Residential land prices in Japan rise for the first time in 31 years

Japan's land ministry says the average price of residential land in the country has risen for the first time in 31 years.

The ministry on Tuesday released results of an annual survey done by prefectures on land prices at over 21,400 locations as of July 1.

It showed that the average overall land price rose 0.3 percent from last year. It was the first year-on-year increase in three years.

As for the average price of residential land, it grew 0.1 percent from a year ago, marking the first rise since 1991. Low interest rates for loans have apparently helped to push up land prices.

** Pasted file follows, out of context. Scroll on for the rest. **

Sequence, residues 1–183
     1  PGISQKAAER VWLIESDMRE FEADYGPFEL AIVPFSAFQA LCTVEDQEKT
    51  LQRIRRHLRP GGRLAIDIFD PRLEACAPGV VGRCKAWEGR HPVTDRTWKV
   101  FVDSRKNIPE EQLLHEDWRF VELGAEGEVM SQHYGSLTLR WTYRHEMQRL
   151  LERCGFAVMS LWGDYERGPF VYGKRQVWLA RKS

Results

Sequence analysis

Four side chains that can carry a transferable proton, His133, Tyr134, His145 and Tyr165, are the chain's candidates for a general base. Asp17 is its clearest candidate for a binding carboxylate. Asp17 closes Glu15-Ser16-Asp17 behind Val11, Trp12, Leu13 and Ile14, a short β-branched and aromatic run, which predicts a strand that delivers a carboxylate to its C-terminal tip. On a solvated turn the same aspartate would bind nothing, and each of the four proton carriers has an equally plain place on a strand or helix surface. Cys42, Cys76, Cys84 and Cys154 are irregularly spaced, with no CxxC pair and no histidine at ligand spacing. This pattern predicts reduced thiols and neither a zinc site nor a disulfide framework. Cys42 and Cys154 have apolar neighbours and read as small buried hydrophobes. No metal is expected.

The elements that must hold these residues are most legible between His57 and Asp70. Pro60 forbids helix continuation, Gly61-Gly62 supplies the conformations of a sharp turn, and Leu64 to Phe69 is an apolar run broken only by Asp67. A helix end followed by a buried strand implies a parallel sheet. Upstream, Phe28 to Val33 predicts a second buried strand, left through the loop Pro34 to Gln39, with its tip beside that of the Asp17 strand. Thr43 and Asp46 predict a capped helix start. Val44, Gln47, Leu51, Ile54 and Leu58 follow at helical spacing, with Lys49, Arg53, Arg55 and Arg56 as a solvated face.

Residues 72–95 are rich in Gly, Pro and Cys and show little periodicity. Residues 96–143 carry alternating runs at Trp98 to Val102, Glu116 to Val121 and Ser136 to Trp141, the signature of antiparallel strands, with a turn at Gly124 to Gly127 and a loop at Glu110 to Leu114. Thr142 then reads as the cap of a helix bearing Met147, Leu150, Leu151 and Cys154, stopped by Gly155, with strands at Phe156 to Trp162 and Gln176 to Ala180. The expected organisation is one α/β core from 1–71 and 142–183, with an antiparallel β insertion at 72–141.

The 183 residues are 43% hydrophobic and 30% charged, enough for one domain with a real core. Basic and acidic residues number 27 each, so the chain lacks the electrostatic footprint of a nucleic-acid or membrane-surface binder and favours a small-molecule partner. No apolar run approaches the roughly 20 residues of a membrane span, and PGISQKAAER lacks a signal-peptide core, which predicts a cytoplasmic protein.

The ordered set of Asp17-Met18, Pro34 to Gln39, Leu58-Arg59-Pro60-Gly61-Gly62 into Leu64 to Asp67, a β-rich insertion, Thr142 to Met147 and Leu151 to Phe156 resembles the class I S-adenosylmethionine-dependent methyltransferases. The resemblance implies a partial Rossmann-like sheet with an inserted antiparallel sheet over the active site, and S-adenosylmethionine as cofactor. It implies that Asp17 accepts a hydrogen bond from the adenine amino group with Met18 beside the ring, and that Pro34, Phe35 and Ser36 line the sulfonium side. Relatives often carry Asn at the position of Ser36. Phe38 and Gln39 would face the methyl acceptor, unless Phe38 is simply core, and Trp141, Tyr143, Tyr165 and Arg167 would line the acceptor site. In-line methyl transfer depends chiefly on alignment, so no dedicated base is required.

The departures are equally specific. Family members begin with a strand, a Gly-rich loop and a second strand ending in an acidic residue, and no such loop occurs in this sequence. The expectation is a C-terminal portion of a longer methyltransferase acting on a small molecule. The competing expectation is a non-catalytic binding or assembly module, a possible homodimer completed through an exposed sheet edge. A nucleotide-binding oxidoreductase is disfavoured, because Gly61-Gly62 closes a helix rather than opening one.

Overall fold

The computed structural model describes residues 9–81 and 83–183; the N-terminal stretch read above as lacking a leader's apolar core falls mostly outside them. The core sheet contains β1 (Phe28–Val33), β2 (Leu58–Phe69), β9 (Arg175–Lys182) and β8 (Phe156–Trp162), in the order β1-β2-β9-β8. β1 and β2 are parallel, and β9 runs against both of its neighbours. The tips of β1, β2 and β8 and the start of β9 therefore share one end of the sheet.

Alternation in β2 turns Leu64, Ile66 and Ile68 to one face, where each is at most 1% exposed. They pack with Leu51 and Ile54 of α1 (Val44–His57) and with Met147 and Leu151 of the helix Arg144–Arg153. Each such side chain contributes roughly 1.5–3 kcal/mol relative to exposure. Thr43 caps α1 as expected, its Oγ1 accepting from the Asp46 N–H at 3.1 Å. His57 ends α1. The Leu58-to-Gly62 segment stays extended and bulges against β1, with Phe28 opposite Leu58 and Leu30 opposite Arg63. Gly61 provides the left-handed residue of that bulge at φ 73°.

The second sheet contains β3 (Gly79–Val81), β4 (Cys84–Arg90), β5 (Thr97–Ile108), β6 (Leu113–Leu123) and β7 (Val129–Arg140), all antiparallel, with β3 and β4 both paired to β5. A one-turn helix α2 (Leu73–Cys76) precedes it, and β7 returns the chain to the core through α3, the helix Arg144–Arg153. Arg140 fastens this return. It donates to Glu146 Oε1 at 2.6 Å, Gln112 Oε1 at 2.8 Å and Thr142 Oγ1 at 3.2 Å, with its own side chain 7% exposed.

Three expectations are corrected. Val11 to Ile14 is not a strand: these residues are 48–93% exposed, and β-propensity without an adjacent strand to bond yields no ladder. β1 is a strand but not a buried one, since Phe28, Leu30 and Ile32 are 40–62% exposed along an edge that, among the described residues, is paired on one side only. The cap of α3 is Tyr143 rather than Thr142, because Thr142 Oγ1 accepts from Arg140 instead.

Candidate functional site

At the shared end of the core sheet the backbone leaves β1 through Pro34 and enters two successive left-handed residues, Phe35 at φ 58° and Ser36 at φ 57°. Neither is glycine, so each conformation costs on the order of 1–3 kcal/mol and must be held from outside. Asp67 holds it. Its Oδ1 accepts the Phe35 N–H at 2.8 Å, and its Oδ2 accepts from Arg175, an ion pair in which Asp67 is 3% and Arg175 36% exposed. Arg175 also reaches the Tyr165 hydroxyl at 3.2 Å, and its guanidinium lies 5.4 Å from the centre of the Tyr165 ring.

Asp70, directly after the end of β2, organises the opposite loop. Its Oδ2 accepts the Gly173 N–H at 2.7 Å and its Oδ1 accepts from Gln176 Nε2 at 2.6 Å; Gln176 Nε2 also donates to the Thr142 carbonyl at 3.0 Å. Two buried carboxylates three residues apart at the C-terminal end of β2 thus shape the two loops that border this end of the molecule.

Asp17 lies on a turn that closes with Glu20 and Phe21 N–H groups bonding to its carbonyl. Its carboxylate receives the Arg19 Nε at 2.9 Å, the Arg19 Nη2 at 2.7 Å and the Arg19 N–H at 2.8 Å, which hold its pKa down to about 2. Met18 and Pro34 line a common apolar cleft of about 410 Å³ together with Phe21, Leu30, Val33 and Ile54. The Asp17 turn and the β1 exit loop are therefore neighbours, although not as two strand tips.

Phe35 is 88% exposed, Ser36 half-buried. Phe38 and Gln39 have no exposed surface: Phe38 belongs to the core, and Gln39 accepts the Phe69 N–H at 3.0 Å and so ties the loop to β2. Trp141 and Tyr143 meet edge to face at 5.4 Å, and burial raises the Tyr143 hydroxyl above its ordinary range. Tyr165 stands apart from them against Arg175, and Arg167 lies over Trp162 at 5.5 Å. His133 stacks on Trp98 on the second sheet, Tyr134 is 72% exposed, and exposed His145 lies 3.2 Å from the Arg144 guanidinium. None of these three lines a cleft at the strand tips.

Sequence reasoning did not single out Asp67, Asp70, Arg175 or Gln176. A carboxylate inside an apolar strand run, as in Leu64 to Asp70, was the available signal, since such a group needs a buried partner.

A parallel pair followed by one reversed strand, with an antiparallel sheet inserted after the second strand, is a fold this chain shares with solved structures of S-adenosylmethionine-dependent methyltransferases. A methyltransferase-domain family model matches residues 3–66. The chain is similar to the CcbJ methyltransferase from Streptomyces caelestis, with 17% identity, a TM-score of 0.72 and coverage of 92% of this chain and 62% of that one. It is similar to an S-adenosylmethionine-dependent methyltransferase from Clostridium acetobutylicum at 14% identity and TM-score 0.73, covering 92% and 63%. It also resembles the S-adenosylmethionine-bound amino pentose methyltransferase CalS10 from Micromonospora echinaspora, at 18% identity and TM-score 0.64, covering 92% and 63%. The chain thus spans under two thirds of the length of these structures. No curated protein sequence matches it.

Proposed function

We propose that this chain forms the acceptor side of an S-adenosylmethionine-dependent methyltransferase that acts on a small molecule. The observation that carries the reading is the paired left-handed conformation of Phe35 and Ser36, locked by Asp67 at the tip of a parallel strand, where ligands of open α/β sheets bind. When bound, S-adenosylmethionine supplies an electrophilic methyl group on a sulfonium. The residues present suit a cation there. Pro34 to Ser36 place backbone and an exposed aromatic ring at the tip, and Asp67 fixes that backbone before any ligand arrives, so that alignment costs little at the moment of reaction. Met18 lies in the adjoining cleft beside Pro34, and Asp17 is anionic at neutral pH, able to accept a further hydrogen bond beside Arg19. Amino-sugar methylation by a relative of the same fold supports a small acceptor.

Residential land prices in Tokyo and Nagoya rose for the second year in a row. They went up in Osaka for the first time in three years.

Ministry officials say demand for houses remains solid in urban areas and is also rising in suburban areas due to the spread of remote-working.

Meanwhile, the average price of commercial land climbed 0.5 percent -- the first rise in three years.

The ministry officials say land prices are rising especially in tourist destinations and shopping districts as tourism appears to be recovering after a decline due to the coronavirus pandemic.